The 50 best restaurants in Paris: Wine bars



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The food is outstanding, sure, but so is the wine. Head to one of our favourite restaurants with superb wine lists ready to match your meal with the booze, all with the help of friendly and knowledgeable staff rather than terrifying sommeliers. Because la vie est trop courte pour boire du mauvais vin.

The wine bars


For a restaurant founded by a man the New York Times dubbed the ‘wizard of offal’, it’s initially disappointing that Glou keeps it’s tongue (and it’s heart, testicles and other offcuts) in cheek and off the menu. Instead this charming Marais bistro from ex food writer Julien Fouin – author of 'Beurk! C’est Bon' / 'Yuck! It’s Good' – plays things straight and pan-continental with Spanish meat boards, subtle pasta dishes and bold French desserts.Our experience was that of an upward curve. Things started with a solid if unextraordinary smoked duck stuffed with foie gras – aided by punchy grapefruit chutney...

  1. 101 rue Vieille du Temple, 3e
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Le Baratin

Star pastry chef Pierre Hermé visits this cheerful little bistro and wine bar high up in Belleville at least every two weeks to fill up on Raquel Carena's homely cooking with the occasional exotic twist. Typical of her style, which draws on her native Argentina, are tuna carpaccio with cherries, roast Basque lamb with new potatoes and spinach, and hazelnut pudding. If the food weren't so fantastic, it would still be worth coming for the mostly organic wines. Le Baratin attracts gourmands from all over Paris – so be sure to book...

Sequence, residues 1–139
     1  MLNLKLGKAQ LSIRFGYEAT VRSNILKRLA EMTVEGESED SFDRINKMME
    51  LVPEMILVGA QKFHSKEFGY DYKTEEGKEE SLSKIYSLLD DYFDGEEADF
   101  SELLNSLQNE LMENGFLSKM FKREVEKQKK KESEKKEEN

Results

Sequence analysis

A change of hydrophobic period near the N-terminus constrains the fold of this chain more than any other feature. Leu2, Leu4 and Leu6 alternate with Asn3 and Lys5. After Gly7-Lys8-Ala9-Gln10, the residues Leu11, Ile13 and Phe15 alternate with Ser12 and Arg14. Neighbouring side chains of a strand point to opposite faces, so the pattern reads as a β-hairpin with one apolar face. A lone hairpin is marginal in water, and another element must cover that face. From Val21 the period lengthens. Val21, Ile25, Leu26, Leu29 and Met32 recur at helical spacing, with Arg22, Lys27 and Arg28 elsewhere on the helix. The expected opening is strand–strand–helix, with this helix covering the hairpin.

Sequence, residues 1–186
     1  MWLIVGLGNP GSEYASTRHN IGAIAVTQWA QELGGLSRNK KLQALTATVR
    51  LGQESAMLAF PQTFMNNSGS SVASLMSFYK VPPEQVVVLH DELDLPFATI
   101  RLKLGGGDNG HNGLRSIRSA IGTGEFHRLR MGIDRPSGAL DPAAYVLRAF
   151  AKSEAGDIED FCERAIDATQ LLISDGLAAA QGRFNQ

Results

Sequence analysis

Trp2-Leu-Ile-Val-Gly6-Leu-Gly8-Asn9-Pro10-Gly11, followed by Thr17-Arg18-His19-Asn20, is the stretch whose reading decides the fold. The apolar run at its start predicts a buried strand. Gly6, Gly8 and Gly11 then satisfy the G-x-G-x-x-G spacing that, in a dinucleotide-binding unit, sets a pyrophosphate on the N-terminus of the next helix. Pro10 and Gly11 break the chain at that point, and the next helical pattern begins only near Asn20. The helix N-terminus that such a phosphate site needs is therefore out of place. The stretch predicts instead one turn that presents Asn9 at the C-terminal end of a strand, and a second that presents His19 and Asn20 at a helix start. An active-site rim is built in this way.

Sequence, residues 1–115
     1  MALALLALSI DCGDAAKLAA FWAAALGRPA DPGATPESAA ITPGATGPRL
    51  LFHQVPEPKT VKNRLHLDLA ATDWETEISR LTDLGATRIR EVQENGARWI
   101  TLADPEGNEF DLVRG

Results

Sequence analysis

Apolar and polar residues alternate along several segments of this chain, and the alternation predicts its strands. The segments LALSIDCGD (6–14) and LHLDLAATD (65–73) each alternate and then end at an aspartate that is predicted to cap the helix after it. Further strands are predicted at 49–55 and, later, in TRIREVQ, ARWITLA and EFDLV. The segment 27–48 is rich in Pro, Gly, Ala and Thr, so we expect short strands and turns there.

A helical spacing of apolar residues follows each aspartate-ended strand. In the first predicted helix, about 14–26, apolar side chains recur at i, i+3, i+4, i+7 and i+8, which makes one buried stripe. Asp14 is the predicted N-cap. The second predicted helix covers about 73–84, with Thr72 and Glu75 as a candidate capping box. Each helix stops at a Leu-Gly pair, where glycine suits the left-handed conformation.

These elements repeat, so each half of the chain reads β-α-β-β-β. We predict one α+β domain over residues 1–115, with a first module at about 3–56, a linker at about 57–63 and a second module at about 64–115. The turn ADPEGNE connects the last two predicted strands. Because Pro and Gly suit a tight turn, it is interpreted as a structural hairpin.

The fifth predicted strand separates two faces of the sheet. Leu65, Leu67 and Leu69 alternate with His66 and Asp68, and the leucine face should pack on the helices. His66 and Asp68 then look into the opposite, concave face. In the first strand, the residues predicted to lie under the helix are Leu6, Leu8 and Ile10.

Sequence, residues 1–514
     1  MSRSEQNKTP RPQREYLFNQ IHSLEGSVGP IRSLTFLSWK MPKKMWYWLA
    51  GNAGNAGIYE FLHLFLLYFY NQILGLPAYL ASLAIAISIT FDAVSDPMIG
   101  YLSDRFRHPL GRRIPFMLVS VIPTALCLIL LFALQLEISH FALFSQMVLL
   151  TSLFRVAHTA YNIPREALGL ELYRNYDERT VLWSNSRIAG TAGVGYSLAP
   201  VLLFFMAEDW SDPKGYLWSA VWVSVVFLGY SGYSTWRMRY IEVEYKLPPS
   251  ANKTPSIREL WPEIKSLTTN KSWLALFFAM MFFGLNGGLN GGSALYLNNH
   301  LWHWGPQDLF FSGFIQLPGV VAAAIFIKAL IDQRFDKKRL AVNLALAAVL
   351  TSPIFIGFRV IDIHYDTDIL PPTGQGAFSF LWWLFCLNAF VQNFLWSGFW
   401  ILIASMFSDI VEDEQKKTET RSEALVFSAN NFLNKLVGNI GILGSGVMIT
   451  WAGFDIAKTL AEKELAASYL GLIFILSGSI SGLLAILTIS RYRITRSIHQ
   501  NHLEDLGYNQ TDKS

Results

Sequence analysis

1. 3 rue Jouye-Rouve, 20e
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Le Verre Volé

For first timers, Le Verre Volé seems like a basic wine store with a few rickety tables, but reserve a spot one night and you’ll understand why NY Times food writer Alec Lobrano calls his favourite wine bar in the city. Located in the ever-trendy Canal-St-Martin district, the tiny bistro has become a neighbourhood staple over the past few years, which means reservations are strongly suggested for lunch or dinner, with two services in the evening. Two other Parisian locations, as well as a recently-opened Tokyo outpost, sell wine and sandwiches, but only the Canal address is fit for proper dining...

  1. 67 rue de Lancry, 10e
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Les Papilles

In the Latin Quarter, down the street from the Jardin du Luxembourg, this quaint little bistro is a safe bet for lunch or dinner in an otherwise touristy neighbourhood. It has a playful yet old-world ambiance, with colourful mosaic floors, wooden curios and a zinc bar. The 38 tables crammed between the bar and a wall of wine are filled with English-speakers early on in the evening, but that doesn’t detract overly from the experience.Unpretentious, jean and T-shirt-clad servers rattle off the menu, then invite you to choose your bottle of wine from the wall. Wine aficionados will have a field day; wine amateurs, ask for help...

  1. 30 rue Gay Lussac
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